Thus, it can be said that the Aboriginal women suffering from post-partum depression must be motivated by the nurses to keep themselves safe and happy. Although, it has been found that the cases of post-partum depression among Aboriginal women can be considered to be increasing with time, so it is important to take long-term planning strategies to contribute to the management and the avoidance of such disorders. Therefore, it can be said that there should be adequate steps taken to carry out epidemiological research for the provision of the accurate and relevant prevalence of post-partum mental disorder among Aboriginal women in Australia. ?

Carlin, E., Seear, K. H., Ferrari, K., Spry, E., Atkinson, D., & Marley, J. V. (2021). Risk and resilience: a mixed methods investigation of Aboriginal Australian women’s perinatal mental health screening assessments. Social Psychiatry and Psychiatric Epidemiology, 56(4), 547-557.

Eastwood, J., Ogbo, F. A., Hendry, A., Noble, J., Page, A., & Early Years Research Group (EYRG). (2017). The impact of antenatal depression on perinatal outcomes in Australian women. PLoS One, 12(1), e0169907.

Hui, A., Philips-Beck, W., Campbell, R., Sinclair, S., Kuzdak, C., Courchene, E., ... & Shen, G. X. (2021). Impact of remote prenatal education on program participation and breastfeeding of women in rural and remote Indigenous communities. EClinicalMedicine, 35, 100851.

Juntaruksa, P., Prapawichar, P., &Kaewprom, C. (2017). Postpartum depression: A comparison of knowledge and attitude between the family members of postpartum women. ABAC Journal, 37(1), 134-144.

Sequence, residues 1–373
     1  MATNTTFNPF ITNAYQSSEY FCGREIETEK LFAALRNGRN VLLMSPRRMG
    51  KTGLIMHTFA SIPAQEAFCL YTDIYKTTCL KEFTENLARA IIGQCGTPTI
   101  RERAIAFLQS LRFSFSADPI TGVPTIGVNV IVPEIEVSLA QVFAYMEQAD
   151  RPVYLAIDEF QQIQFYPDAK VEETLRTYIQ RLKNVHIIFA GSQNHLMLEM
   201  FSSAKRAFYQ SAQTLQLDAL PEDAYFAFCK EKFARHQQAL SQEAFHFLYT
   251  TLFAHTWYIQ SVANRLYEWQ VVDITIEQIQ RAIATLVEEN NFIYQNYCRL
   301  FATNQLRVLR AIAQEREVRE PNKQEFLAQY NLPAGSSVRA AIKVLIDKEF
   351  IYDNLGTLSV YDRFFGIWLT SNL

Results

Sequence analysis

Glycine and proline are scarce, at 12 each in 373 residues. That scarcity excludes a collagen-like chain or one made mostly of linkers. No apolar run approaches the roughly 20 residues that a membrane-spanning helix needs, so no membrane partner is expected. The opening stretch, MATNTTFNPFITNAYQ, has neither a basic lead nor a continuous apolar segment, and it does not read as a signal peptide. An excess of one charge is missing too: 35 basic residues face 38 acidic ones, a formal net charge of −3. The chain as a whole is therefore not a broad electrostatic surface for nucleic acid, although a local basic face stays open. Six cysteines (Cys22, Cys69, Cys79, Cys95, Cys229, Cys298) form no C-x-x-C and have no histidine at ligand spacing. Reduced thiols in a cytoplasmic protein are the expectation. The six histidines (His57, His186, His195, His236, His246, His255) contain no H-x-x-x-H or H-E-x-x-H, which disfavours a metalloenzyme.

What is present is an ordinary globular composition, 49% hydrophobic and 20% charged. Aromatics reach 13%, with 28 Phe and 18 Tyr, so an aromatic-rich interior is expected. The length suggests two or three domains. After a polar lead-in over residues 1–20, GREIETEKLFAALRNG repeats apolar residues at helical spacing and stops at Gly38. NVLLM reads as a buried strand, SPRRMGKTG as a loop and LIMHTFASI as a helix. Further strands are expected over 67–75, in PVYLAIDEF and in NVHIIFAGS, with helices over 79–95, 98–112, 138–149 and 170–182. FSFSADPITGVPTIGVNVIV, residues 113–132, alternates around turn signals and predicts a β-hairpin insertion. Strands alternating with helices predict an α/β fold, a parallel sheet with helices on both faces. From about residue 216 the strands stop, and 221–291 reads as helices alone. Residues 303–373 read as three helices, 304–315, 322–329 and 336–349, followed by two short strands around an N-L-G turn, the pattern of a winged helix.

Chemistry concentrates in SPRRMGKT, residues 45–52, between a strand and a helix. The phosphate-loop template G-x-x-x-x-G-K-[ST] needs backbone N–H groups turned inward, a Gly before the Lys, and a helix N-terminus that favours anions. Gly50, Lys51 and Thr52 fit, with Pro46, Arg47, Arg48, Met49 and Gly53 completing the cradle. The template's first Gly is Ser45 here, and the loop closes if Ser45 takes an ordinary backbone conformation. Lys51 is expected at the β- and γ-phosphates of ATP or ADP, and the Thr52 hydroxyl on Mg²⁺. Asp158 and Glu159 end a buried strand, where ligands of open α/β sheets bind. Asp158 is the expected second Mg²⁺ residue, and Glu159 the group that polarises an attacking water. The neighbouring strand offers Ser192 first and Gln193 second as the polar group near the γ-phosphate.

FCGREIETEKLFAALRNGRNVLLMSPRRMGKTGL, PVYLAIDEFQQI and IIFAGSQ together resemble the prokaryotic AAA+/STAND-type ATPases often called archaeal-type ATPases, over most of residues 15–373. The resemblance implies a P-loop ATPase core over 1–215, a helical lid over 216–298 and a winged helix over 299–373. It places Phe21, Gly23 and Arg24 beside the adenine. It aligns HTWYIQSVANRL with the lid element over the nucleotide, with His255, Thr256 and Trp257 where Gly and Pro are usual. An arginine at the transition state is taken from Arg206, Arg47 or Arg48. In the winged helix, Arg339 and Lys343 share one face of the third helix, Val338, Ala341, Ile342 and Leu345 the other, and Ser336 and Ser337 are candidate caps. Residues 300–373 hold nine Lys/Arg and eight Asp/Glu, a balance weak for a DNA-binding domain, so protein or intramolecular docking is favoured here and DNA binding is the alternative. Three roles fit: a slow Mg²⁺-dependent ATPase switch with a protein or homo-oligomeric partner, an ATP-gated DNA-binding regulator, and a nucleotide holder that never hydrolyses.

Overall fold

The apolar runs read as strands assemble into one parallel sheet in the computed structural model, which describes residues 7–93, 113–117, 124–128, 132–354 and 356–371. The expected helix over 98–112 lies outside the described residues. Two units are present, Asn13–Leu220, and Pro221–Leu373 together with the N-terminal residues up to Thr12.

Kiewa, J., Meltzer-Brody, S., Milgrom, J., Bennett, E., Mackle, T., Guintivano, J., ... & Byrne, E. M. (2021). Lifetime Prevalence and Risk Factors for Perinatal Depression in a Large Cohort of Women with Depression.

Kotz, J., Marriott, R., & Reid, C. (2021). The EPDS and Australian Indigenous women: a systematic review of the literature. Women and Birth, 34(2), e128-e134. literature/links/5e7192ef4585152cdbfa8284/The-EPDS-and-Australian-Indigenous-women- A-systematic-review-of-the-literature.pdf Leason, J. (2021). Indigenous Women’s Stress and Postpartum Depression: Discussions from the Canadian Maternity Experiences Survey and Indigenous Maternity Narratives. International Journal of Indigenous Health, 16(2).

Leason, J. (2021). International Journal of Indigenous Health. Retrieved 12 May 2021, from Levis, B., Negeri, Z., Sun, Y., Benedetti, A., & Thombs, B. D. (2020). Accuracy of the Edinburgh Postnatal Depression Scale (EPDS) for screening to detect major depression among pregnant and postpartum women: systematic review and meta-analysis of individual participant data. bmj, 371.

Ogbo, F. A., Eastwood, J., Hendry, A., Jalaludin, B., Agho, K. E., Barnett, B., & Page, A. (2018). Determinants of antenatal depression and postnatal depression in Australia. BMC psychiatry, 18(1), 1-11.

Ogbo, F. A., Ezeh, O. K., Khanlari, S., Naz, S., Senanayake, P., Ahmed, K. Y., ... & Eastwood, J. (2019). Determinants of exclusive breastfeeding cessation in the early postnatal period among culturally and linguistically diverse (CALD) Australian mothers. Nutrients, 11(7), 1611.

Owais, S., Faltyn, M., Johnson, A. V., Gabel, C., Downey, B., Kates, N., & Van Lieshout, R. J. (2020). The perinatal mental health of Indigenous women: a systematic review and meta-analysis. The Canadian Journal of Psychiatry, 65(3), 149-163.

Smith, T., Gemmill, A. W., & Milgrom, J. (2019). Perinatal anxiety and depression: Awareness and attitudes in Australia. International Journal of Social Psychiatry, 65(5), 378-387.

VanderKruik, R., Barreix, M., Chou, D., Allen, T., Say, L., & Cohen, L. S. (2017). The global prevalence of postpartum psychosis: a systematic review. BMC psychiatry, 17(1), 1-9.